The U.S. has given Central Asian states some used gear under the EDA program in the past, notably patrol ships to Kazakhstan and Turkmenistan and utility helicopters to Kazakhstan. But this dwarfs any of those transfers. It's not yet clear what variant of the MRAP Uzbekistan will be getting, but the DoD has valued most of the MRAPs it's given away lately at about $100,000 each, which would make this deal worth over $30 million.
There are no camps of terrorists gathering in northern Afghanistan near the borders of Central Asia, an Afghan security official said, in response to a series of claims recently by Russian and Central Asian officials to that effect.
The official, the border service's commander in the north Mir Naim Haydari, added that his agency intends to establish regular contacts with its Central Asian counterparts to exchange operational information about developing issues. He made the comments to Ariana-TV, reported the news agency AfTag. Haydari just returned from a visit to Tajikistan, where he also discussed the issue of the four Tajikistan border guards who were seized by militants in December and are still being held in Afghanistan.
In December, Russia's special envoy to Afghanistan gave detailed information about the supposed existence of ISIS training camps on the borders of Tajikistan and Turkmenistan and the massing of thousands of militants there. That was followed by similar statements by anonymous sources of security services of Tajikistan and Uzbekistan to the Russian press, and last week, the head of Tajikistan's Interior Ministry publicly claimed that militants from the Taliban and the Islamic Movement of Uzbekistan were massing at Tajikistan's borders.
The defense ministers of Russia and Iran, Sergey Shoigu and Hossein Dehghan, sign an agreement in Tehran. (photo: MoD Iran)
Russian Defense Minister Sergey Shoigu has made a rare visit to Tehran, where he and his Iranian counterpart promised "accelerated" military cooperation between the two countries.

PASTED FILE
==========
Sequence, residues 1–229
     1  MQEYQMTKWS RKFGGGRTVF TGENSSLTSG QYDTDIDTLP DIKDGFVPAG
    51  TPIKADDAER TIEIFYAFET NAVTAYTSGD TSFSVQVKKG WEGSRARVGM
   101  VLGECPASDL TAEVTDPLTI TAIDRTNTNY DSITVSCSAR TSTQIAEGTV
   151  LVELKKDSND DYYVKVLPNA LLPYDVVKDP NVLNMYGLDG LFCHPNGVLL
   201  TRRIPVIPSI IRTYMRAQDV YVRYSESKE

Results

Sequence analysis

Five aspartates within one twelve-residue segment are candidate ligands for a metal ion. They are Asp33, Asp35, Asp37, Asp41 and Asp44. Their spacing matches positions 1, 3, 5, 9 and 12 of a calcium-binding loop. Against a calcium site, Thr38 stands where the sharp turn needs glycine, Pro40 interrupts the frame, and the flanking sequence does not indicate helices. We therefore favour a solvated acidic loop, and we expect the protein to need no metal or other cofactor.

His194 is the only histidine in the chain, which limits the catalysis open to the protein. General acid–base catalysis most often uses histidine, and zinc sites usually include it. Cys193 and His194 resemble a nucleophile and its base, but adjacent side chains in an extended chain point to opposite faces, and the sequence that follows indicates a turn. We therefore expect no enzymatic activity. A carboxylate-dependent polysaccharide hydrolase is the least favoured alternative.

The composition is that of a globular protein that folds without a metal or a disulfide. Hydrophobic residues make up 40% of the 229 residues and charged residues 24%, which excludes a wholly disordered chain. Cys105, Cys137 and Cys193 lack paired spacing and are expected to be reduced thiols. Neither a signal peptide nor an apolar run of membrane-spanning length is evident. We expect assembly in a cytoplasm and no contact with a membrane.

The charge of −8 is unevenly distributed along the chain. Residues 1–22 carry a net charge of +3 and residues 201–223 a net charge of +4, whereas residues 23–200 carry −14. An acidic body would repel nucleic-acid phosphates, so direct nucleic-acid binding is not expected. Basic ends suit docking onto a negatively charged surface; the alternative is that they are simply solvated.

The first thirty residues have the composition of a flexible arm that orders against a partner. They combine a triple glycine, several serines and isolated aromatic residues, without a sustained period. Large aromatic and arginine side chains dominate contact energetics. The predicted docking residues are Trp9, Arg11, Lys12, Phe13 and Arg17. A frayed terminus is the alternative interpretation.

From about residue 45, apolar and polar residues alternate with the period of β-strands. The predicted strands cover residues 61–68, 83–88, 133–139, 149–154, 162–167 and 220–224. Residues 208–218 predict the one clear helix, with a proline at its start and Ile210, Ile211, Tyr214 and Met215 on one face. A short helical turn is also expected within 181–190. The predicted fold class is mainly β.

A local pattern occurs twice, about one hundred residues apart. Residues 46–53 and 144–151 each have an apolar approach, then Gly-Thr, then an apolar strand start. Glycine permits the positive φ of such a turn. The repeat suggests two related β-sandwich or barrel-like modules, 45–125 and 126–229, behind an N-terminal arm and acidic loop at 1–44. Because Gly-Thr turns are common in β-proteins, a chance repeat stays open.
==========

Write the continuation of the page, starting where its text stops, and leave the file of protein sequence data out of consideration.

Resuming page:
Shoigu's visit was the first to Iran by a Russian defense minister in 15 years, and both sides played up the potential geopolitical import of the trip. "Iran and Russia are able to confront the expansionist intervention and greed of the United States through cooperation, synergy and activating strategic potential capacities," said Iranian Defense Minister Hossein Dehghan. "The visit to Tehran is a geopolitical movement towards an alliance between Russia and Iran," wrote Rossiya Segodnya analyst Aleksandr Khrolenko. "It's not just the development of military relations between the two countries, but a continuation of Russia's pivot to the East."
The two sides signed an agreement on defense cooperation, which called for joint exercises, port visits by naval vessels, and a joint fight against piracy in the Caspian. But those things were already going on, and it's not clear what new forms of cooperation might be in the works.
Kazakhstani soldiers take part in exercises against "extremist, terrorist and separatist organizations." (photo: MoD Kazakhstan)
Kazakhstan's armed forces are carrying out exercises against "separatists," citing "geopolitical shifts" as the justification. But while the reference to separatists may make the Kremlin a bit uneasy, the scenario seems to be oriented toward Chinese separatists, rather than Ukrainian.
The exercise is being conducted from January 15-17 by land forces command staff. "According to the scenario of the joint staff training, groups from extremist, terrorist and separatist organizations, disguised as refugees, infiltrate the territory of a hypothetical government," according to a release from the Ministry of Defense. "During the course of the training the soldiers blocked and destroyed illegal armed formations and repelled the invasion."
The "relevance of the training" was the result of "contemporary geopolitical shifts," the MoD added. So what geopolitical shifts is Astana worried about?
The last line seems to point to a Ukraine scenario; as Ukrainian website depo.ua suggests, "ethnic Russians in Kazakhstan complain about 'oppression' and eagerly await the arrival of 'little green men' from Russia." While Kazakhstan has clearly been rattled by the events in Ukraine, and has undertaken serious efforts to shore up its statehood as a result, ethnic Russians are hardly begging for Moscow's intervention.